Unfortunately, one cannot ignore others who have been potentially exposed to the virus through these individuals including the over 1,000 guests that attended the 2020 Africa Magic Viewers’ Choice Awards (AMVCAs) where an attendee (who has since been confirmed to be COVID-19 positive) was in close proximity with other performers and guests. Many Nigerians believe that there are many more cases than the government can properly diagnose and quantify due to inadequate test kits and other limitations.
“I see no real reason to doubt the Nigerian Centre for Disease Control (NCDC) number of tested people,” said Joachim MacEbong, a risk management professional and member of our COVID-19 report focus group. “The issue is that they need to test more”. His position was corroborated by Emmanuel Adegboye, a social entrepreneur and convener of TEDxYaba who said, “it is fairly obvious that we have limited testing capacity so the number of confirmed cases very likely isn’t telling the true story. If we tested more, we will surely detect more cases.”
As a result of limited testing capacity, many countries, including the United States, United Kingdom, and Italy, are believed to be grossly under-testing potential carriers of the virus, making it difficult to understand its true impact. With the launch of Drive Through Mass Testing initiated by LifeBank in collaboration with the Nigeria Institute of Medical Research (NIMR), and the delivery of 1.5 million laboratory diagnostic test kits and over 100 tons of infection prevention and control commodities courtesy of The Jack Ma Foundation, the number of officially confirmed cases is expected to rise, weighing heavily on the country’s already weak health system.
An uprising may be staring us in the face
With the complete lockdown of the economy, millions of citizens are already getting anxious about their chances of survival, while many are desperate to access bare essentials. The COVID-19 pandemic will expose the ugly underbelly of the Nigerian system, even as the federal government rallies following dangerous, often fatal delays.
As cases continue to rise, especially in Lagos and other South West states such as Osun and Oyo, government officials are forced to treat the pandemic with more urgency than they normally would. Responses on social media provide an early portent to the kind of reaction the government will receive from citizens cut off from basic sustenance and religious guidance. Many Nigerians already blame the government’s perceived incompetence, inadequacies, and class divisions as the cause of their predicament and will lash out as situations worsen.
Following weeks of enforced ban on religious gatherings, pastors and other religious leaders who wield considerable influence over their followers may begin to revolt, seeing the situation as an assault against their rights to freedom of association.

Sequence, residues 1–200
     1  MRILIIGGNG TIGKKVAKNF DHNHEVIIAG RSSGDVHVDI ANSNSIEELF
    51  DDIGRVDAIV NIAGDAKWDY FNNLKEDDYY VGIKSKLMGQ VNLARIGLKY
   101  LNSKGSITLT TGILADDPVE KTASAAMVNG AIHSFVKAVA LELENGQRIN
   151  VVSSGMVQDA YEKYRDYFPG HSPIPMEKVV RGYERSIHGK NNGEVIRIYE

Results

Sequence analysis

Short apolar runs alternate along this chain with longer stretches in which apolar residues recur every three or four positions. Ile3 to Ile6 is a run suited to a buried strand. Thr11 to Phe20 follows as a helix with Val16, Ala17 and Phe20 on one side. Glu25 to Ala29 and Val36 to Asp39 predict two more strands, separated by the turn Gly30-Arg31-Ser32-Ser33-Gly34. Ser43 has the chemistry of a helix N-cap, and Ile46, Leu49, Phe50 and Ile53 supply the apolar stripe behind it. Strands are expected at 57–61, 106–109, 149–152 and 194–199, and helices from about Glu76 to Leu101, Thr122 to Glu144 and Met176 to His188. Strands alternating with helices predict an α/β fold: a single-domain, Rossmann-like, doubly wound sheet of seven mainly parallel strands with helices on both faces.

The Northern Nigerian state of Katsina saw a glimpse of this when at least a person was killed after law enforcement agents allegedly arrested a religious leader for conducting Juma’at service in defiance of the government’s ban against such gathering. Such reactions are expected if such orders are sustained without widespread sensitization, education, and constant engagement with relevant stakeholders on the importance of social distancing in the fight against the COVID-19 disease.
State governors are about to become stars
With a hands-on approach towards flattening the curve in their states, a few governors will gain acclaim and goodwill — even as President Muhammadu Buhari’s decision to lead from behind will rub Nigerians the wrong way.
As more states continue to confirm new cases of COVID-19 infection, the pandemic will raise the profiles of Lagos governor, Babajide Sanwo-Olu; Oyo governor, Seyi Makinde; Ogun governor, Dapo Abiodun and Kaduna governor, Nasir el-Rufai as effective and responsive administrators.
Sanwo-Olu, Makinde, and a few other governors are taking advantage of the interest of the private sector in tackling the COVID-19 issue which is becoming evident in the construction of isolation centres and provision of testing facilities in the states. This, many observers believe, will go a long way in slowing the pace of infection in the affected states.
Media consumption will increase, but innovation determines who leads
Just like millions of people around the world, many Nigerians are observing social distancing, or self-isolation when necessary, in an effort to slow the spread of COVID-19. This shift means many people are spending more time online following up on news about the pandemic, connecting with friends and family, or simply just seeking out entertainment.